Despite these headline-making outliers, average tenant buyout sums in San Francisco have actually stayed pretty consistent. We found that the median buyout figure has hovered between $30,000 and $35,000 every year since 2015.
“(Buyout amounts are) almost more consistent than you’d expect it to be, given that rents are going up in the city,” Robert Collins, executive director of the San Francisco Rent Board, told The Chronicle.
Collins added that the number of buyouts yearly has also remained remarkably consistent despite other upheavals in San Francisco’s housing landscape during the pandemic. Landlords filed 334 buyout agreements in 2020, just a slight decrease from the 365 filed in 2019 and the same number as in 2017.
A tenant buyout occurs when a landlord pays their tenants to willingly vacate a unit. That could be either because they cannot legally evict them or because the costs of eviction are higher than the cost of buying them out, Joseph Tobener, a tenants’ rights attorney and partner at Tobener Ravenscroft LLP, told The Chronicle.
“You’ve gotta look at what the landlord stands to gain or lose,” Tobener said. “What are the consequences of the eviction, what are the minimum moving allowances, how much do they stand to gain if they do this buyout.”
Large buyouts, like the record-breaking Presidio Heights transaction, generally go to tenants of buildings in expensive neighborhoods paying well below market rate after having lived in a unit for decades.
In most cases, Tobener said, landlords can make tenants vacate through a no-fault eviction process, such as the Ellis Act, which allows property owners to evict tenants if they plan to move themselves or relatives in, sell the units or demolish the building. In such cases, landlords must pay each tenant about $7,500 for relocation expenses.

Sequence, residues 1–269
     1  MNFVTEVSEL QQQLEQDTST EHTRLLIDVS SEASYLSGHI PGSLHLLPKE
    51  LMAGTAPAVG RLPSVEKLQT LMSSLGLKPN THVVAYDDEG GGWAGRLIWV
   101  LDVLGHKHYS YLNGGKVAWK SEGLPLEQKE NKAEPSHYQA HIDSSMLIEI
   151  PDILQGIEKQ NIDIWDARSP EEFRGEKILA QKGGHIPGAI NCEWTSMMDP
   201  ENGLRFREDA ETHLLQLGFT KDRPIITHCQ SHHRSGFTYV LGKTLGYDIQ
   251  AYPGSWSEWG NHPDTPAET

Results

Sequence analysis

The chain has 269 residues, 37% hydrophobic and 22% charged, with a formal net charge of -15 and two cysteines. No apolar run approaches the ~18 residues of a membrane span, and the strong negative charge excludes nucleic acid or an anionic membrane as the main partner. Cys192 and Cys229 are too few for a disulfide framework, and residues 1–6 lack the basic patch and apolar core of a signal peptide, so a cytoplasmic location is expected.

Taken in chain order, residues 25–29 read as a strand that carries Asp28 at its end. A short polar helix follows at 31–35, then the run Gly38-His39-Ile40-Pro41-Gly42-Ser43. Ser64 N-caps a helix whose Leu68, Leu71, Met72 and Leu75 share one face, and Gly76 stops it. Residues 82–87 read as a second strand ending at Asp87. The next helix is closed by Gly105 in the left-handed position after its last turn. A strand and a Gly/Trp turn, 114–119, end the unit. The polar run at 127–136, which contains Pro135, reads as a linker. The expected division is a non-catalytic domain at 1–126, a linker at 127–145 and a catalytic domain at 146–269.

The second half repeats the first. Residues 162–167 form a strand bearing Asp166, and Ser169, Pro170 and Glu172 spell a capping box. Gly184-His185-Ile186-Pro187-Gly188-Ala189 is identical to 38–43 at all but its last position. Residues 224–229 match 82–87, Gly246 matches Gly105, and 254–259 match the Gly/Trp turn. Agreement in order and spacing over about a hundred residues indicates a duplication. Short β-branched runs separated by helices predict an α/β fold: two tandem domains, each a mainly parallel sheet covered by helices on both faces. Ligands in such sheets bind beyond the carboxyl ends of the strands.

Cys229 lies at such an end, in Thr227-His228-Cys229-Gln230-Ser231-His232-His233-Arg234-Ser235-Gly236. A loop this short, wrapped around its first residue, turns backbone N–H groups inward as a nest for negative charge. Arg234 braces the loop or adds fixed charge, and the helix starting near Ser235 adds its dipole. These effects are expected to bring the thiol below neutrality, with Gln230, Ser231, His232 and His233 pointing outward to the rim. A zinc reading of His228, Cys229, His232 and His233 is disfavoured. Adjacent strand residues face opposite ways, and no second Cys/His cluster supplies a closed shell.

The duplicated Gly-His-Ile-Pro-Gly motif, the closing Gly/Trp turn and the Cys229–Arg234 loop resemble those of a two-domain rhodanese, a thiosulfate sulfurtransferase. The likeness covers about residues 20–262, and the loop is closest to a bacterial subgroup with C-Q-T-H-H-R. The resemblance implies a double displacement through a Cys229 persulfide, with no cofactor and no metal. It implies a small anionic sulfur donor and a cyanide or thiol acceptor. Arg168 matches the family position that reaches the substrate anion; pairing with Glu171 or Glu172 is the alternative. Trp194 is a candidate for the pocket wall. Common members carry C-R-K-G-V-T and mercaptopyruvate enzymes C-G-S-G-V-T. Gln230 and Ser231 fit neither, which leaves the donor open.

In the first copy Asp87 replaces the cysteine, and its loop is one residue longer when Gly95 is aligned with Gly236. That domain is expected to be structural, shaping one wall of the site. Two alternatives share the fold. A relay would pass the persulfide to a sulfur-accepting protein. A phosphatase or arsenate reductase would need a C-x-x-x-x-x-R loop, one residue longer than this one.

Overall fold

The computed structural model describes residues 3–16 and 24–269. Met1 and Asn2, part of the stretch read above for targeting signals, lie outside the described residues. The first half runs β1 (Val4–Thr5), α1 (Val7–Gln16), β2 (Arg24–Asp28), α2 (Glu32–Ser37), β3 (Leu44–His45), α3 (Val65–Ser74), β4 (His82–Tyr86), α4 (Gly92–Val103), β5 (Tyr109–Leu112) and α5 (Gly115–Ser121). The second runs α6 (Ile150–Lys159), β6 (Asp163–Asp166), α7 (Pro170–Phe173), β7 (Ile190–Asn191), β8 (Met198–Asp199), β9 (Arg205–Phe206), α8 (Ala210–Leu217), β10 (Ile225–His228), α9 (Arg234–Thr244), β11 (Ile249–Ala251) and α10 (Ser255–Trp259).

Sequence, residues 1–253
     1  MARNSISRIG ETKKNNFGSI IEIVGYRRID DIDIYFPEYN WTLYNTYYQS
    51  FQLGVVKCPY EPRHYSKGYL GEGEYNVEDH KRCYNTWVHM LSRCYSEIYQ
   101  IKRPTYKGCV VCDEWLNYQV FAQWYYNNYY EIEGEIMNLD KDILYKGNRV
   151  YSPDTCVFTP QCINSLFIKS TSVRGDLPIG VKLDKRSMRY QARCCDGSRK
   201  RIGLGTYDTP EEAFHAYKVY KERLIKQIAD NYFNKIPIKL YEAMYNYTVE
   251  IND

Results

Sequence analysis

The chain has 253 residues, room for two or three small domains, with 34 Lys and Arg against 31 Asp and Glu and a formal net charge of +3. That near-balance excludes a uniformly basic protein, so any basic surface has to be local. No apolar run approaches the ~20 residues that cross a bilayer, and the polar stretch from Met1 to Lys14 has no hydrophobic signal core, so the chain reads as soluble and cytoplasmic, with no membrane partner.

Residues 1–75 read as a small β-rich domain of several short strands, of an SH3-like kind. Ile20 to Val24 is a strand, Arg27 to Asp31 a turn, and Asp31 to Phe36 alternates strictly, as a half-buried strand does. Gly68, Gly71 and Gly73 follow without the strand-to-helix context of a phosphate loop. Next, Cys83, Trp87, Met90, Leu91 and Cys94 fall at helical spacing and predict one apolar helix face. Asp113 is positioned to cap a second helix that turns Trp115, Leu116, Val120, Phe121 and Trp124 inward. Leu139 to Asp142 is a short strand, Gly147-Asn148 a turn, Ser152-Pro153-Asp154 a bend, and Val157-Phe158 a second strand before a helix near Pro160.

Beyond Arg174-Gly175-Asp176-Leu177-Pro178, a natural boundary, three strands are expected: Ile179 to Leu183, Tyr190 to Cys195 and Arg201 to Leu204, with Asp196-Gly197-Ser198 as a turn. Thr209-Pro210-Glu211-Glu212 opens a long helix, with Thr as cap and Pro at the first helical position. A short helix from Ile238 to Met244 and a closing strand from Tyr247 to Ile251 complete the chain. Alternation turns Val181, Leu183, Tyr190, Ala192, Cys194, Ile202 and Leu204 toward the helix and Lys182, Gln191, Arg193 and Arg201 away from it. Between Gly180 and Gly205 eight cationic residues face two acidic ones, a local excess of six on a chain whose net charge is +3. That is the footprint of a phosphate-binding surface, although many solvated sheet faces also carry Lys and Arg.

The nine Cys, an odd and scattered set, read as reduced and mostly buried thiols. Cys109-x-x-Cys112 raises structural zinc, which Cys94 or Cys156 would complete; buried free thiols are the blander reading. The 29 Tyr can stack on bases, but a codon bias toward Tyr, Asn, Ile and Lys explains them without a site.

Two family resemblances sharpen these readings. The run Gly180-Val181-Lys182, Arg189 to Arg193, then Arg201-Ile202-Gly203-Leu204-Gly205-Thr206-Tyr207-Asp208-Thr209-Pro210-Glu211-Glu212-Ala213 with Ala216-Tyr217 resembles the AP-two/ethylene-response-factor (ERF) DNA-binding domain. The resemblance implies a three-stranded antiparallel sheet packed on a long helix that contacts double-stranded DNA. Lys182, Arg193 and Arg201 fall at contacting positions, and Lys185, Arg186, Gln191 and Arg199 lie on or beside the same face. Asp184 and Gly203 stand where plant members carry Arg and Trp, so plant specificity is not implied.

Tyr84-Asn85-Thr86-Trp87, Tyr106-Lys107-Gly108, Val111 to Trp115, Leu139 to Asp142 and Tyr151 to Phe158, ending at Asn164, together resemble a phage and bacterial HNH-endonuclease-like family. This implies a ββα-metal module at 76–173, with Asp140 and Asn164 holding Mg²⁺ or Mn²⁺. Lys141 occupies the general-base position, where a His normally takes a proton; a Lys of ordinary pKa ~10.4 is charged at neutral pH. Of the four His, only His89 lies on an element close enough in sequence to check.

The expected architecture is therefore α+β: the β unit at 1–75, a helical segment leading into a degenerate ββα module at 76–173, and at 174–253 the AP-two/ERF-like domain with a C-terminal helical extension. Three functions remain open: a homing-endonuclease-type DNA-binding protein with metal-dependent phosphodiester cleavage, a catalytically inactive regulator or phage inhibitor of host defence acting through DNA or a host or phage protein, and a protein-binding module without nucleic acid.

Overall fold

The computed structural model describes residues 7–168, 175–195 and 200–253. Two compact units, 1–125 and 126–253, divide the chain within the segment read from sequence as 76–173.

But in some instances — such as when the tenant is elderly, disabled or infirm — evicting someone through an Ellis Act makes the unit ineligible for conversion into a condominium, Tobener said. Thus, landlords usually prefer to pay those tenants to leave willingly.
In other cases, tenants have secured lifetime leases on units, making Ellis Act and other no-fault evictions illegal, Tobener said.
The data shows that buyouts are concentrated in certain parts of San Francisco. We found that from 2015 through this June, buyouts happen most commonly in the middle of the city, in neighborhoods including Noe Valley, the Castro and the Mission.
The concentration of buyouts in these neighborhoods makes sense, Tobener said; they are expensive, with high-value housing units.
“The nicer the neighborhood, the higher values of the home, the bigger the buyouts,” he said.
They also tend to have larger numbers of two-unit condominiums, which are the most common targets of tenant buyouts. That’s because S.F. currently has a moratorium on condominium conversions for all multi-unit buildings except for two-unit ones.
And since condo conversions can increase a building’s value by up to 30% — not to mention rid landlords of tenants paying below market-rate rents — two-unit buildings in expensive neighborhoods are “kind of like the holy grail for real estate developers,” Tobener said.
Single-family rental homes, on the other hand, are rarely targeted for buyouts because they don’t fall under San Francisco’s strict rent control laws, and thus landlords can keep home rentals at or near market rates, he said.
Susie Neilson is a San Francisco Chronicle staff writer, and Nami Sumida is a Chronicle data visualization developer. Email: firstname.lastname@example.org, email@example.com Twitter: @susieneilson, @namisumida